Veterans with combat-related post-traumatic stress disorder were less anxious and depressed and had an improved quality of life after an eight-week therapeutic horseback riding program, according to a Baylor University study.
Baylor researcher Beth Lanning, associate chair of public health at Baylor’s Robbins College of Health and Human Sciences, said veterans felt comfortable and could relax because the horses made them feel they were in an emotionally safe place.
"The biggest changes that we saw, over the course of the eight weeks, was a change in the mental health, especially that as connected to PTSD symptoms and depression," said Lanning.
The U.S. Department of Veterans Affairs estimates that 20 veterans commit suicide every day. All participants served in at least one of the three Iraq and Afghanistan war missions and have been diagnosed with PTSD.
Lanning said the horses were able to calm down the veterans.
"The horse would be sensitive enough to pick up on that things were not okay and it helped them to really reflect on their own emotions," said Lanning.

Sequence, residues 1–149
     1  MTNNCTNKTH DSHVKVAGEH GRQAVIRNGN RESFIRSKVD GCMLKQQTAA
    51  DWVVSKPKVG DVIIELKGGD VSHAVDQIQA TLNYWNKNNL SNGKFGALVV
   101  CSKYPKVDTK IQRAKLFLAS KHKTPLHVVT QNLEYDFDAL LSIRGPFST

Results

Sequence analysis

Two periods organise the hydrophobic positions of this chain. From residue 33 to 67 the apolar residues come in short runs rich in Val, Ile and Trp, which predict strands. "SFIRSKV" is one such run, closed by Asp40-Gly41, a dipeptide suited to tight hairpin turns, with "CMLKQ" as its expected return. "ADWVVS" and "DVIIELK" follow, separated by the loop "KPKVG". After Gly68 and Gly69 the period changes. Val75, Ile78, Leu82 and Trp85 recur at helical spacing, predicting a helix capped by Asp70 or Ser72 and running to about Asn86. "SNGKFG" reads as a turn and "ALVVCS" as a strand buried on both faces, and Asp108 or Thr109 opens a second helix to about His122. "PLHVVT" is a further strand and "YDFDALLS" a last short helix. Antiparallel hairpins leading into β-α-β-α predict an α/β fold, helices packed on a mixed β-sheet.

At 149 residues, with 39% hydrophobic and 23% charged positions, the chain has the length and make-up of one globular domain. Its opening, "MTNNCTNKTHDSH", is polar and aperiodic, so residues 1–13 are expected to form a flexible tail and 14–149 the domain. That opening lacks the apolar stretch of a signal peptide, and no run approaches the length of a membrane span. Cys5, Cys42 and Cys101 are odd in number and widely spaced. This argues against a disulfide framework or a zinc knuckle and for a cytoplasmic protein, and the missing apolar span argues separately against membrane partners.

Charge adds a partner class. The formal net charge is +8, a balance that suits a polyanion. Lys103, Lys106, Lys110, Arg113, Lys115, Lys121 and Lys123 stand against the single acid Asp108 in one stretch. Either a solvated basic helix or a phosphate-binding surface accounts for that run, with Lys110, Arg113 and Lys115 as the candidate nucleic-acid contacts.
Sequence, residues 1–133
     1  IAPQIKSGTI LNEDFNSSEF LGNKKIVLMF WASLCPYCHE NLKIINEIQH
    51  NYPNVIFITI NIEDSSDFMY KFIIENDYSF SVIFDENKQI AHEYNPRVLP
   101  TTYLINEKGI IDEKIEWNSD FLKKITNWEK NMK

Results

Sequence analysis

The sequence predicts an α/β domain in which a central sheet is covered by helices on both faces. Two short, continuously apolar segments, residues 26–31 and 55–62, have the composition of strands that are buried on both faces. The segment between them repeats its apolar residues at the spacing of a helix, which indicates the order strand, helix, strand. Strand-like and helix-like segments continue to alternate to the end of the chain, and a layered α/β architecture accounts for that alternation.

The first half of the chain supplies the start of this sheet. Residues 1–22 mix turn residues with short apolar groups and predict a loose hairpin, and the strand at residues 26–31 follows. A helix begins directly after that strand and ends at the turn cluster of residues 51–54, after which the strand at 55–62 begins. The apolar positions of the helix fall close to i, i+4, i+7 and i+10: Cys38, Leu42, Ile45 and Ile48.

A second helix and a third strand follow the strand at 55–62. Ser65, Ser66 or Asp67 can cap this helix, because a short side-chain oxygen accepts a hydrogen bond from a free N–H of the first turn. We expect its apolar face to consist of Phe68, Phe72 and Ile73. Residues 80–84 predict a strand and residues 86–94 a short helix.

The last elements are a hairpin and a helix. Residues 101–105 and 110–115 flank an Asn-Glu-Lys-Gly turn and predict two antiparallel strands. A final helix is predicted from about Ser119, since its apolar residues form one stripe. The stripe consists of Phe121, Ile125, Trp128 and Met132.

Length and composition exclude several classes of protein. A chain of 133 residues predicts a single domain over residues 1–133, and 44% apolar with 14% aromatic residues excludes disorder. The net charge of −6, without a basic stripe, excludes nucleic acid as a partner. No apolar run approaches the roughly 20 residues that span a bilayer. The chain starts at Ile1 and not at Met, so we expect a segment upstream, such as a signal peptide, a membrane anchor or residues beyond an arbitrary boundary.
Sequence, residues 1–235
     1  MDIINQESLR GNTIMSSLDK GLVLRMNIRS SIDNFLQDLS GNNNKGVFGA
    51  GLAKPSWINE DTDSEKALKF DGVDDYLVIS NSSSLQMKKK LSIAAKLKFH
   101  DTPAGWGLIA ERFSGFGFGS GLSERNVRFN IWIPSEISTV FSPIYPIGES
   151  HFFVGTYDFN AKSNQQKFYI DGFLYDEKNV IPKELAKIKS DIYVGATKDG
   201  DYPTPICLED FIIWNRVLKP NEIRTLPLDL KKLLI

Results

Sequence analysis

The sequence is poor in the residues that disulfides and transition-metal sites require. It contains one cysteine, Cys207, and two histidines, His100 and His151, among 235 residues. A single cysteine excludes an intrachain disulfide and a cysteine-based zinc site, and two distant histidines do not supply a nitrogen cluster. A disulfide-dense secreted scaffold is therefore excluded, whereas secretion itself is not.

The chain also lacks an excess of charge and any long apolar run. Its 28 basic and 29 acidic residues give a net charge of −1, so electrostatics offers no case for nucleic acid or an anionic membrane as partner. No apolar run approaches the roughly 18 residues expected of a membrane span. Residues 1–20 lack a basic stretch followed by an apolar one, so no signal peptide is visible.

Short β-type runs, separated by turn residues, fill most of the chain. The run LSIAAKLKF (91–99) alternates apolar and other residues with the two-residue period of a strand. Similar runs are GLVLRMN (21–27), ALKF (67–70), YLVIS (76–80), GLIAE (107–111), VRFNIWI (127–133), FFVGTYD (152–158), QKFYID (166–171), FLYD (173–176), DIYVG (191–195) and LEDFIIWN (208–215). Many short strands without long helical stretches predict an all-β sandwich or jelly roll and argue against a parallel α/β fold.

She said the veterans felt less anxious, depressed, angry and isolated than before and felt they could participate in life again.
The program consisted of weekly 90-minute sessions, with participants sharing a meal before each session. The first four weeks included grooming, leading and working with the horse in a round pen to develop a relationship. The last four weeks including riding and horsemanship exercises.
Additionally, each horse-rider pair was accompanied by a trained volunteer who was a military service member not participating in the study.